The reaction in France was one of bemusement. Journalist Phillipe Auclair told the BBC: “Is he worth that amount of money? If you ask the people back in France, they will say no he’s not. This amount of money leaves people speechless in France.”

Martial has proven a sound investment, scoring 78 goals in 258 United appearances – but a feeling of unfulfilled potential still lingers.

Fabrizio Ravanelli

Middlesbrough were gloriously bonkers back in the 90s, with superstars like Juninho and Emerson lining up alongside the more prosaic Phil Stamp.

But Ravanelli still managed to stand out. Fresh from winning the Champions League with Juventus, the Italy international moved to Teeside for £7million in the summer of 1996 and scored a hat-trick on his debut against Liverpool.

His season in England was the definition of memorable. Despite being one of the league’s top scorers, Ravanelli alienated himself from his team-mates, staff and supporters with his constant criticisms of the club’s training regime and facilities.

Being the highest-paid player in the Premier League was never going to stop Ravanelli from leaving after relegation but Boro fans will look back fondly at the most exciting era in their history.

READ: Fabrizio Ravanelli: I loved everything about my season with Boro

Esteban Cambiasso

Cambiasso is well-known for his iconic goal for Argentina at the 2006 World Cup, but his impact at Leicester City shouldn’t be forgotten.

The Foxes had just been promoted to the Premier League after a 10-year absence and the midfielder signed up for the 2014-15 season.

He made an instant impact, scoring in a famous 5-3 win over Manchester United, but Leicester spent much of the campaign rooted to the bottom of the league.

That was until a run of seven wins and one draw from their final nine games saw the club miraculously escape relegation, with Cambiasso instrumental in Leicester’s revival.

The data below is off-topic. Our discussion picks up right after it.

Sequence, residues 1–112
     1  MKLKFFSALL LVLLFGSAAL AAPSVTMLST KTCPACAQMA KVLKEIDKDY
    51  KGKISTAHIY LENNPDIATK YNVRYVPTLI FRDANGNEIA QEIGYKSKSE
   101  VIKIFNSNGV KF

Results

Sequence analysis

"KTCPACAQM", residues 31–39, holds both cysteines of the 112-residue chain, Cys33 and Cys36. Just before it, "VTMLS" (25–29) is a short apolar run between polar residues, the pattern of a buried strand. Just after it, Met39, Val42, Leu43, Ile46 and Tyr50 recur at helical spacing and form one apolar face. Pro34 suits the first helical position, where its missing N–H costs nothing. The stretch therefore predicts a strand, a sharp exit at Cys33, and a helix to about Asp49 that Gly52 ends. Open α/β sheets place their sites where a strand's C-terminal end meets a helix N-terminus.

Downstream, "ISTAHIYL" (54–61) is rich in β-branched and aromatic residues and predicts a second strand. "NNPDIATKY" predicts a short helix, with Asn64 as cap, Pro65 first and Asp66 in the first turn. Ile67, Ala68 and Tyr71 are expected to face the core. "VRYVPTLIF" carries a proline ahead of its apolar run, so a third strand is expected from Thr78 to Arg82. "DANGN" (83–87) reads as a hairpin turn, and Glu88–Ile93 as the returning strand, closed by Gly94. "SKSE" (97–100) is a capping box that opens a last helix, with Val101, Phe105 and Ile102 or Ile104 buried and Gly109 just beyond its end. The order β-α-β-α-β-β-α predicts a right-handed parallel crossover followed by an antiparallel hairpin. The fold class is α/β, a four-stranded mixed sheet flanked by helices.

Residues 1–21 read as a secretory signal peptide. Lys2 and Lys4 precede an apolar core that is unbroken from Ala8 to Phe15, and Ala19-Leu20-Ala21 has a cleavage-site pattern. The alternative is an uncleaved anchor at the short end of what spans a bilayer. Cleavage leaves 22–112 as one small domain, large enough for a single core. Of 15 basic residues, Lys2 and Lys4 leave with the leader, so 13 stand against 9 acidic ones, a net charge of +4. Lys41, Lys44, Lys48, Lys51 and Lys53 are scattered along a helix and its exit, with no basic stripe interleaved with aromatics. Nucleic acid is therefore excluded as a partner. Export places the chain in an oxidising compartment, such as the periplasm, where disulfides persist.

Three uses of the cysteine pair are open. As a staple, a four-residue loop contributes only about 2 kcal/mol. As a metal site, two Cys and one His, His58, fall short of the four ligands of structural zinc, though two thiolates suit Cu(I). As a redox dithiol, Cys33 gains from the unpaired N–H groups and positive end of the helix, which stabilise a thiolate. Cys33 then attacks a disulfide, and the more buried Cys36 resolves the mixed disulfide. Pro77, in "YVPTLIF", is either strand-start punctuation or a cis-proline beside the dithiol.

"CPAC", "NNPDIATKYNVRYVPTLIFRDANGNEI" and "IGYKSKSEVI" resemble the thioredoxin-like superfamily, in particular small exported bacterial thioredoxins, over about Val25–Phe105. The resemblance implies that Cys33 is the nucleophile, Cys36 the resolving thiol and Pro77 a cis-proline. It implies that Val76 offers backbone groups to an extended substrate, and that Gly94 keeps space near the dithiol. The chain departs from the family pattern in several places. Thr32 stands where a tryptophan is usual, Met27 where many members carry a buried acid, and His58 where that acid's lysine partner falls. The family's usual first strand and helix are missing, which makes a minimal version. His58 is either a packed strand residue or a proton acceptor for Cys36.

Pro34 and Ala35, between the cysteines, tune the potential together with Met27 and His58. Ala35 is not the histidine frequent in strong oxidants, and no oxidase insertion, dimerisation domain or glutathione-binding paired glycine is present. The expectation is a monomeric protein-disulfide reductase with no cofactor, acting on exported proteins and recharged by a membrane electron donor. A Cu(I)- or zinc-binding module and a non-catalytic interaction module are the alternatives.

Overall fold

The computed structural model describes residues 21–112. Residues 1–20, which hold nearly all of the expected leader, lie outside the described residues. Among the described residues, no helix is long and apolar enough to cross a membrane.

He turned down a contract extension and left the club in 2015. If only he’d stayed for another year…

Michael Owen

That brochure. That goddamn brochure.

Still, Fergie gobbled it up like a thirsty mule and rescued Owen from relegated Newcastle in 2009.

Job done.

READ: Remembering the brochure that got Michael Owen a move to Man Utd

David Luiz

By 2016, David Luiz was a caricature of a defender.

His first spell at Chelsea was successful, but the abiding memory was of Gary Neville describing him as a “player being controlled by a 10-year-old on a Playstation”. His role in that 7-1 didn’t help either.

Luiz spent two years out of the English spotlight at PSG, so nobody foresaw his return to Stamford Bridge in 2016.

Chelsea boss Antonio Conte had grown frustrated with failed moves for Kalidou Koulibaly and Alessio Romagnoli and sanction the return of Luiz for a £34million fee.

And his second spell proved just as trophy-laden as the first, with the Brazil international winning one Premier League title alongside the FA Cup and Europa League.

Julien Faubert

Why write a thousand words when you can just look at Alfredo Di Stefano’s face?